Anarchism and the Marxist Critique of Capitalism.
Wayne Price, The Value of Radical Theory: An Anarchist Introduction to Marx's Critique of Political Economy
Oakland, CA: AK Press 2013; 200pp; ISBN 978-1939202017
Sasha Lilley, Capitalism and its Discontents
Oakland, CA: PM Press, 2011; 320pp; ISBN 978-1604863345
Long ago Peter Kropotkin emphasized that anarchism, or rather, social anarchism (anarchist communism)--or what Malatesta and Landauer described as anarchism without adjectives--had a dual heritage, combining radical liberalism, with its emphasis on the freedom of the individual, as a fundamental premise, and socialism, with its emphasis on equality, social solidarity and voluntary co-operation. Kropotkin therefore, like Murray Bookchin in a later generation, was highly critical of both Marxist socialism, which lacked a libertarian perspective, and what Bookchin later described as lifestyle anarchism, which tended to repudiate socialism, the economy of the commons, and class struggle politics. Life-style anarchism, of course, embraces a variety of individualistic tendencies--Stirnerite egoism, Nietzschean aestheticism, mystical anarchism and right-wing libertarianism.
According to Kropotkin both Marxism and individualist (lifestyle) anarchism were one-sided, or rather lop-sided tendencies. Those who advocate some kind of rapprochement between lifestyle and social anarchism, therefore, misunderstand the nature of social anarchism (or libertarian socialism)--for a libertarian perspective is intrinsic to Kropotkin's conception of social anarchism. They thus also misinterpret or simply ignore Bookchin's critique of lifestyle (individualist) anarchism.
Unfortunately, given his harsh polemics, Bookchin--like those academics who set up a radical (and false) dichotomy between anarchism and anarchy--tended to muddy the conceptual waters!
Words belong to the commons--language has not yet been completely privatised! They can therefore take on a variety of different meanings. As 'anarchism' in the United States had come to signify lifestyle anarchism, primitivism and the libertarian advocacy of free-market capitalism, Bookchin in his last years, in exasperation, ceased to describe himself as an 'anarchist'. But of course, he remained a libertarian socialist, that is, a social anarchist.
Although both Kropotkin and Bookchin (along with most social anarchists) were highly critical of Marxist politics, given its emphasis on the vanguard party and state power, they were not anti-Marx. They recognised the salience of Marx's materialist philosophy (a form of evolutionary naturalism)--Marx, like Kropotkin, was a pioneer ecologist--and they also acknowledged his important and profound critique of capitalism.
In the bookshops now are two very worthwhile books that endeavour to recapture and explore the radical aspects of Marx's critique of capitalism.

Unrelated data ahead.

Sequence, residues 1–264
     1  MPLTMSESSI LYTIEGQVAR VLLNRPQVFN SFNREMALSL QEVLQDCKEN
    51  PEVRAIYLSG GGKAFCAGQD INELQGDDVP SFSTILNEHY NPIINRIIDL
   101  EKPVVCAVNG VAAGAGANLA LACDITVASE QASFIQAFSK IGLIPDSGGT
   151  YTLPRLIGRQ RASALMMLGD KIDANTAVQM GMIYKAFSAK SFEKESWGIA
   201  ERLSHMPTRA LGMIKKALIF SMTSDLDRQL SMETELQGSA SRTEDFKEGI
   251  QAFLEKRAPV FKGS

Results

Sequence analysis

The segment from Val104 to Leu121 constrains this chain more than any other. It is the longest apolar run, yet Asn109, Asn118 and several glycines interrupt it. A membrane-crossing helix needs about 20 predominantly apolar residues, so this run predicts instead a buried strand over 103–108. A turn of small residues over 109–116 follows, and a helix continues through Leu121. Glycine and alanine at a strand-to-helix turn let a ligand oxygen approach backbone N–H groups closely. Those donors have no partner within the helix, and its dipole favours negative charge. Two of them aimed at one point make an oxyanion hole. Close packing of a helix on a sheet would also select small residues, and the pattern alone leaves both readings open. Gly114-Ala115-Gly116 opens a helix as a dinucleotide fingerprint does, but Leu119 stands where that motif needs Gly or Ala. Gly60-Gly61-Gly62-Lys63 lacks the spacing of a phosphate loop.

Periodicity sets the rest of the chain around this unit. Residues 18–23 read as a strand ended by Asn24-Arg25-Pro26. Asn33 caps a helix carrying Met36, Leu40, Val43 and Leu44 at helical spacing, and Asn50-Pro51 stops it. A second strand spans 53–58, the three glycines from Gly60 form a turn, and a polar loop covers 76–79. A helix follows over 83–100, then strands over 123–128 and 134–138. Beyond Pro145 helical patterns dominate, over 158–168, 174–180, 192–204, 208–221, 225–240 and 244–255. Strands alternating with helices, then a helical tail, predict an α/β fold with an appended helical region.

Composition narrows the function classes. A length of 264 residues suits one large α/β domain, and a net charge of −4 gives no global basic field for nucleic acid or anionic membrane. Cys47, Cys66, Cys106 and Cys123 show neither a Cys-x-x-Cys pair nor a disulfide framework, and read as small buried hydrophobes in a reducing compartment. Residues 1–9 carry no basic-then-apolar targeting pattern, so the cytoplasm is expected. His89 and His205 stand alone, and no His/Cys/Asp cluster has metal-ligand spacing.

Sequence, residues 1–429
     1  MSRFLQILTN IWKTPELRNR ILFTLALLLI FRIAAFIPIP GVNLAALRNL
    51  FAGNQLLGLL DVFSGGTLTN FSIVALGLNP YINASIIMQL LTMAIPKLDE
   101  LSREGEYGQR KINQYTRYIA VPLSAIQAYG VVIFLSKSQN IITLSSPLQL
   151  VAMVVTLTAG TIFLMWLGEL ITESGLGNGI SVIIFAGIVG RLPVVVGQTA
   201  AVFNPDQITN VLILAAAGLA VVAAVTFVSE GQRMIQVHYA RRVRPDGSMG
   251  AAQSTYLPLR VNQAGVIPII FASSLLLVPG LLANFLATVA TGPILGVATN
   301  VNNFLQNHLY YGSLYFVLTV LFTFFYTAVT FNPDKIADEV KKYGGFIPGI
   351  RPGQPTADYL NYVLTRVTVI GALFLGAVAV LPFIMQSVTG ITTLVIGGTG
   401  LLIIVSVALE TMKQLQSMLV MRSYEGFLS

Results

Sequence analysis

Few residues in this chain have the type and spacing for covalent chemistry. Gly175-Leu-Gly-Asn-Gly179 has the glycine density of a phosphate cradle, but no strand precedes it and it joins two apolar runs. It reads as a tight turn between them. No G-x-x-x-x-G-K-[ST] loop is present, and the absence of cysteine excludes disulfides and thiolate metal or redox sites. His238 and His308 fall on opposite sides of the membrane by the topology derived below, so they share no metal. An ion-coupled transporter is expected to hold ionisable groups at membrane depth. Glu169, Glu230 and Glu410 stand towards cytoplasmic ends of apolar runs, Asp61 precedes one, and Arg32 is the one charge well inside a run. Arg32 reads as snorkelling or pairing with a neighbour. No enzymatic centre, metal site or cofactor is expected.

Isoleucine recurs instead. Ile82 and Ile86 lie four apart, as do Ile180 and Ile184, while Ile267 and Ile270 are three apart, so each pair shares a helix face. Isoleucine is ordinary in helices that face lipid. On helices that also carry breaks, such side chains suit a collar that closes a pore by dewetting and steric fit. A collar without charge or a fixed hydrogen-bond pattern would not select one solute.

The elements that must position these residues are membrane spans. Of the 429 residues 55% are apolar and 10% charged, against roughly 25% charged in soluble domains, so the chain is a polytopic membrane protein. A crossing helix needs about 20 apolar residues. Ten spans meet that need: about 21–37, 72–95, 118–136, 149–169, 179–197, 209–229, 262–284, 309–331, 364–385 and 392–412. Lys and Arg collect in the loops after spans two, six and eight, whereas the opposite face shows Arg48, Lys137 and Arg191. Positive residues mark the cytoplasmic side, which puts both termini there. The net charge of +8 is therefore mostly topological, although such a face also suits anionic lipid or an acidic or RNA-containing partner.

The first is Wayne Price's The Value of Radical Theory, which, as its subtitle denotes, is an 'anarchist introduction' to Marx's critique of political economy. Lucidly and engagingly written, Price's book attempts to explain, in everyday language, Marx's economic theory. It thus has a useful account of Marx's labour theory of value--Marx always insisted that exploitation under capitalism was inherent in the realm of production rather than in the circulation of goods--as well as interesting discussions on the origins of capitalism, issues around the rise and fall of the rate of profit, and reflections on the state capitalism of the Soviet Union and Maoist China. Price discusses, too, Marx's conception of communism as a 'co-operative society based on common ownership of the means of production' (p 140)--and highlights that there is a libertarian and humanistic aspect to Marx's economic and political theory. This contrasts of course, with the political tendencies in Marx's thought that are authoritarian and statist. The libertarian aspects of Marxist theory, as Price indicates, were later developed by council communists such as Anton Pannekoek and Paul Mattick and by autonomist Marxists such as C.L.R. James and Antonio Negri. Both these libertarian tendencies rejected Bolshevism, and emphasised the autonomous self-activity of the working class, or with Negri, the 'multitude' (p 159-160).
But as a social anarchist (libertarian socialist) who acknowledges the crucial importance of class struggle and a 'working class revolution' (p 163), Wayne Price also highlights the serious limitations of Marx's politics.
The book concludes with an interesting appendix on Errico Malatesta's anarchist 'method' for creating an 'anarchist-communist society'. Price cogently explores Malatesta's emphasis on openness, flexibility, pluralism and experimentation. He notes too that Malatesta--rather like Bookchin--refused to call himself a 'communist' after it had been appropriated by Lenin and the Bolsheviks, and thus came to describe himself as a 'socialist-anarchist' (p 173).
The second book, Sasha Lilley's Capitalism and its Discontents has as its subtitle 'conversations with radical thinkers in a time of tumult'. Most of the chapters that comprise the book originated from a radio programme, 'Against the grain', broadcast in the United States. Thus, as 'conversations' they make for easy reading. The conversations are enhanced by the fact that Lilley takes a back seat and in her interviews with around fifteen radical scholars, she asks intelligent, probing and insightful questions--regarding their writings, their understanding of contemporary capitalism, and their views on the possibility of a sustainable anti-capitalist 'project'.